FDA mandates new rules for sunscreen labels

June 21, 2011

FDA announced new testing and labeling requirements for OTC sunscreen products that will help manufacturers better indicate those that when used with other sun protection measures reduce the risk of skin cancer and early skin aging, as well as help prevent sunburn, according to a news release issued by the agency.

FDA announced new testing and labeling requirements for OTC sunscreen products that will help manufacturers better indicate those that when used with other sun protection measures reduce the risk of skin cancer and early skin aging, as well as help prevent sunburn, according to a news release issued by the agency.

The new requirements and several proposed changes for future rules are outlined in 4 regulatory documents that include a Final Rule, a Proposed Rule, an Advance Notice of Proposed Rulemaking (ANPR), and a Draft Guidance for Industry.

According to the final rule, sunscreen products that pass FDA’s test for protection against both ultraviolet A (UVA) and ultraviolet B (UVB) rays may be labeled as “broad spectrum.” Sunscreens labeled broad spectrum and “SPF 15” (or higher) may state on the back of the product that, if used as directed with other sun protection measures, the product can reduce the risk of skin cancer and early skin aging.

Products that have SPF values between 2 and 14 may be labeled broad spectrum if they pass the required test, but may not state that they reduce the risk of skin cancer and early skin aging. These products, along with those that are not labeled broad spectrum, must carry a warning label that reads: “Skin Cancer/Skin Aging Alert:  Spending time in the sun increases your risk of skin cancer and early skin aging. This product has been shown only to help prevent sunburn, not skin cancer or early skin aging.” 

Manufacturers cannot claim that sunscreens are “waterproof,” “sweatproof,” or identify their products as “sunblocks,” but must indicate whether the declared SPF level of protection remains effective for either 40 minutes or 80 minutes while swimming or sweating, based on standard testing. If not water resistant, the sunscreen label must instruct consumers to use a water-resistant sunscreen if swimming or sweating.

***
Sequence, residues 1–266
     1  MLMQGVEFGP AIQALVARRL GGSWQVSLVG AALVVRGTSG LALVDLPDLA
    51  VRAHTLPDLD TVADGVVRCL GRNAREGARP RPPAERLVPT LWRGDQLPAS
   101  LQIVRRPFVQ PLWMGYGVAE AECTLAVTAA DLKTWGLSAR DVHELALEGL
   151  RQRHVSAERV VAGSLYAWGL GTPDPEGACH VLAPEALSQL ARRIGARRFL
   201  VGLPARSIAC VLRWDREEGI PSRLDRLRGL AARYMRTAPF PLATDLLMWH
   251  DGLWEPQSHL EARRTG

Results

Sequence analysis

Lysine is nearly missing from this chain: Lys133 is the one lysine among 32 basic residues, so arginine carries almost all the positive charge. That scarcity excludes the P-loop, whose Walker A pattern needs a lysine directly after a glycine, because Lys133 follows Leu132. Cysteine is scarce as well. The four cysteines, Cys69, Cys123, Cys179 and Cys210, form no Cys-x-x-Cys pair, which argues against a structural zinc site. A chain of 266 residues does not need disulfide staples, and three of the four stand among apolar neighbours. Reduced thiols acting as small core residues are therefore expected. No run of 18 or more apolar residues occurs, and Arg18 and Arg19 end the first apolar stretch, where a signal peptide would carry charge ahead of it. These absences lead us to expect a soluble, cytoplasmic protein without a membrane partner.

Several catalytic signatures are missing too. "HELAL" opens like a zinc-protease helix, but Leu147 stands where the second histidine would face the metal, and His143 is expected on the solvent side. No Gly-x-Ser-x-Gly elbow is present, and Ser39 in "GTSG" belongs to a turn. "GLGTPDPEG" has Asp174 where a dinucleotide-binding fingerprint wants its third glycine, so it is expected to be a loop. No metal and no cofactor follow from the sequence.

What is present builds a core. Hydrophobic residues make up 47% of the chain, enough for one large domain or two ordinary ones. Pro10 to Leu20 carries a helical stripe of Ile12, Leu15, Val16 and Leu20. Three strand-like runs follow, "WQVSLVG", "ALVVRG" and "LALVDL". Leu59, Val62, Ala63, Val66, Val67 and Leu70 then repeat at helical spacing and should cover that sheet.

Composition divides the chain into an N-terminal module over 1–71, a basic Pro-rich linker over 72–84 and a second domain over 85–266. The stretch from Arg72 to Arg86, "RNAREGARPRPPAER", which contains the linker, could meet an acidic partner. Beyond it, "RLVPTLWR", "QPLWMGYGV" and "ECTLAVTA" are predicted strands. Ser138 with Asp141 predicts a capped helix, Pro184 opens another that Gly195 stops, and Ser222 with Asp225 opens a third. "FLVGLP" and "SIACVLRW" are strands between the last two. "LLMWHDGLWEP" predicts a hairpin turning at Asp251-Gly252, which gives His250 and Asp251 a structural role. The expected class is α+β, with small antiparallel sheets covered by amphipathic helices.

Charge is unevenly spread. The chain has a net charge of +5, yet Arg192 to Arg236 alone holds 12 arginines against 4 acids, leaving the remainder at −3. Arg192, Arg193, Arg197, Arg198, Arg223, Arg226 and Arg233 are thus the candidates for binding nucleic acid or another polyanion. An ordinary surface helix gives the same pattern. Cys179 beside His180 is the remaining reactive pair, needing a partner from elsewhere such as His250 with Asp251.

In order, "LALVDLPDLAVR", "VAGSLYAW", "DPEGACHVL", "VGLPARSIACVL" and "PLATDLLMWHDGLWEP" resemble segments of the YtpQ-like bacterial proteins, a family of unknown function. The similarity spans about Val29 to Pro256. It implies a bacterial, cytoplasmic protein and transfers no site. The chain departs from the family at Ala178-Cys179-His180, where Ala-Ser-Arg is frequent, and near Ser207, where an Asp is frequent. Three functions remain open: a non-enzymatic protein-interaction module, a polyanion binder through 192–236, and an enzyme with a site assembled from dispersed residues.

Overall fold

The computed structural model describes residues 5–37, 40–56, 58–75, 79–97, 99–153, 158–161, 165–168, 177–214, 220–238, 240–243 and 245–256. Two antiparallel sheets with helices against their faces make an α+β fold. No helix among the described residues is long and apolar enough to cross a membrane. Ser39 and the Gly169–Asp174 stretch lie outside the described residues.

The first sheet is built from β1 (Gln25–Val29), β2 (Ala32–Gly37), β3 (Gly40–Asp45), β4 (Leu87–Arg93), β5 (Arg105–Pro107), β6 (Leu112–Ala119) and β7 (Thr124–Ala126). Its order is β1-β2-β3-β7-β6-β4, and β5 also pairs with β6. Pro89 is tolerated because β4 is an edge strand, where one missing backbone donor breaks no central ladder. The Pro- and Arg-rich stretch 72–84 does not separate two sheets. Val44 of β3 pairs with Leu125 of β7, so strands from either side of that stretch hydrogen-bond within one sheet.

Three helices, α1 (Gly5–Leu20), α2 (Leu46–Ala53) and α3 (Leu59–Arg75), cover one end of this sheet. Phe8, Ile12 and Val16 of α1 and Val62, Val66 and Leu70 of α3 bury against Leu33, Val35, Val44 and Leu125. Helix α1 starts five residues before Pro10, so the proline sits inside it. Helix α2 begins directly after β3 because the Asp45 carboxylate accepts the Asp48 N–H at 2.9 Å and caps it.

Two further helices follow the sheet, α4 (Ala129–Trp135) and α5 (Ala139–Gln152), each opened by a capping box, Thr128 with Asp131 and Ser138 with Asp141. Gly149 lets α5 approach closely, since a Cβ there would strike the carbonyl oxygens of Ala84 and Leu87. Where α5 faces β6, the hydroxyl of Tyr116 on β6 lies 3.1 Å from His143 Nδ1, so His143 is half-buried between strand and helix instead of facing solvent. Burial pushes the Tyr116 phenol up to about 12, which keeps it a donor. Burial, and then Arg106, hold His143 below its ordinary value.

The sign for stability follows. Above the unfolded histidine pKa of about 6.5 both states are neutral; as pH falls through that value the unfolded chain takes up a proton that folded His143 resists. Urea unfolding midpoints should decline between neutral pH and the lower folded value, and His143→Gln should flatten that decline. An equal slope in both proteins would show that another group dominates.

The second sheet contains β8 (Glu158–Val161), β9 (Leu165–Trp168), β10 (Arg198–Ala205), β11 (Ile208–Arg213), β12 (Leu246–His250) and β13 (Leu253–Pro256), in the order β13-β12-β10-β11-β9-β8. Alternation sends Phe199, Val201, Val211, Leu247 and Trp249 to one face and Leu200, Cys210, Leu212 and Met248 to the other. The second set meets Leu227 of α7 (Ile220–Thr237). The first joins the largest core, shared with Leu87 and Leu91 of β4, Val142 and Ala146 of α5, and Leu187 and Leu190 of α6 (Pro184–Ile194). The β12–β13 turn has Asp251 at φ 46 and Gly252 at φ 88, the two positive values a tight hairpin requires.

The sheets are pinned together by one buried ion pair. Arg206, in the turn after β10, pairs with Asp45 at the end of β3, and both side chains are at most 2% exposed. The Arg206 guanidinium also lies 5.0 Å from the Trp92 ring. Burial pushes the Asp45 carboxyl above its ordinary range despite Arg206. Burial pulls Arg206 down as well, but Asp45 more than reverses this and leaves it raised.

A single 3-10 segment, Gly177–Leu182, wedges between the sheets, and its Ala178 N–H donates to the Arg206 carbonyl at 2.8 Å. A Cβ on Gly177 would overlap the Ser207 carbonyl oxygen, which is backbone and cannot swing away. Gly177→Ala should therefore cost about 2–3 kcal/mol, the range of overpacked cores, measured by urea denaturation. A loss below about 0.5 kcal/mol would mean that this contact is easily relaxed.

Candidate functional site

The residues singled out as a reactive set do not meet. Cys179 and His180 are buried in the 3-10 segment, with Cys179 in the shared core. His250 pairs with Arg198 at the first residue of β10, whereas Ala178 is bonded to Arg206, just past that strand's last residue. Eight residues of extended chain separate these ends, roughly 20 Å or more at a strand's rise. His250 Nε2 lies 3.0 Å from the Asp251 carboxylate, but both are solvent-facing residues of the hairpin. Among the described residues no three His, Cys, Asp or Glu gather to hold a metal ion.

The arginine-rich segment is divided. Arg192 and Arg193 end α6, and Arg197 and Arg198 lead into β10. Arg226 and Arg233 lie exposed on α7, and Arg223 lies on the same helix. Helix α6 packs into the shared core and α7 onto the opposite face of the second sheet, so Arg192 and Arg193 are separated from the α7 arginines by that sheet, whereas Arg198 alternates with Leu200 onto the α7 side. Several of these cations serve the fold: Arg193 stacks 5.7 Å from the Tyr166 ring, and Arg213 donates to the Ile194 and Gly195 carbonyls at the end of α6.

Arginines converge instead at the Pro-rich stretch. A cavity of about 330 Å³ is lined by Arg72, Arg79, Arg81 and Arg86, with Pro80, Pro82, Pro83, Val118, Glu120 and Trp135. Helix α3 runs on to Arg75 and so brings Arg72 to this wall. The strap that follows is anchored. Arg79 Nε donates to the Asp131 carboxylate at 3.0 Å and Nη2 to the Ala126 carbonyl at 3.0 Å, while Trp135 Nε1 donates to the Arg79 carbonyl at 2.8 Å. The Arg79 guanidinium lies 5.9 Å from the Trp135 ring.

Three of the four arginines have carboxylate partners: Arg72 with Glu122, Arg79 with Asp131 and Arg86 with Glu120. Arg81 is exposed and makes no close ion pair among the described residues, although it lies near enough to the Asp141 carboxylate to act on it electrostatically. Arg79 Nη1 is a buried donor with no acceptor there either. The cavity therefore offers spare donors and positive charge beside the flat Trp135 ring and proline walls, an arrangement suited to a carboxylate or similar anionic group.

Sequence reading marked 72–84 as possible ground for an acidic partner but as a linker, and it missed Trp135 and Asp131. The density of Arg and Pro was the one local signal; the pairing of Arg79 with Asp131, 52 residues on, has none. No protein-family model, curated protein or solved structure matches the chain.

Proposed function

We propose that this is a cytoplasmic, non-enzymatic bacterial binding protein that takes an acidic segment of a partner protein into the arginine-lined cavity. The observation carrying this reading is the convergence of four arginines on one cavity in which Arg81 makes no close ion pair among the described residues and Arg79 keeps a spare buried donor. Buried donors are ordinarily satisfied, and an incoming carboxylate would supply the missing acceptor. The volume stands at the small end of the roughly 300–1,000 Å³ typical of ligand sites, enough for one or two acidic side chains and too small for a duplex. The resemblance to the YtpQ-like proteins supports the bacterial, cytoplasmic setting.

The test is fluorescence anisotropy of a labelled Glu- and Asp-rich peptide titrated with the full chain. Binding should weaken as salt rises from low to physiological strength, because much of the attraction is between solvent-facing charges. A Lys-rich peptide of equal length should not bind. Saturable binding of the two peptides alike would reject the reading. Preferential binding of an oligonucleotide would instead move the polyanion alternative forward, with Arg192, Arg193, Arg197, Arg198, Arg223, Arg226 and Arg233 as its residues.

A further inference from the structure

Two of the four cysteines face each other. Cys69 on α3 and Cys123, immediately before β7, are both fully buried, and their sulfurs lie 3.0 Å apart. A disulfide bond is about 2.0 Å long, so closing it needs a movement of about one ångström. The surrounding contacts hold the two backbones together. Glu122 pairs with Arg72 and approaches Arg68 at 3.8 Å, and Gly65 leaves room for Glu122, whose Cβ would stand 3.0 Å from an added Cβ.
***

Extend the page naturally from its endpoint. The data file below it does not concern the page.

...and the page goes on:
Manufacturers may not add claims that a sunscreen provides instant protection or protection for more than 2 hours without reapplication, unless they submit data and get approval from FDA.

In addition to the final regulations, FDA proposes a rule that would limit the maximum SPF value to “SPF 50+” because there is not sufficient data demonstrating that products with SPF values higher than 50 provide greater protection compared with products carrying SPF values of 50. 

An ANPR invites public comment on possible directions for use of and warnings for sunscreen sprays because the available dosage data is not comparable to that for sunscreens in other dosage forms such as oils, creams, and lotions. Electronic comments can be submitted at www.regulations.gov.

The final regulations become effective June 18, 2012 (for products with annual sales less than $25,000 the date is June 17, 2013); however FDA hopes that manufacturers will implement the new rules well before their effective date. The Draft Guidance for Industry provides information to help manufacturers understand how to label and test their products.

“FDA has evaluated the data and developed testing and labeling requirements for sunscreen products, so that manufacturers can modernize their product information and consumers can be well-informed on which products offer the greatest benefit,” said Janet Woodcock, MD, director of the FDA’s Center for Drug Evaluation and Research. “These changes to sunscreen labels are an important part of helping consumers have the information they need so they can choose the right sun protection for themselves and their families.”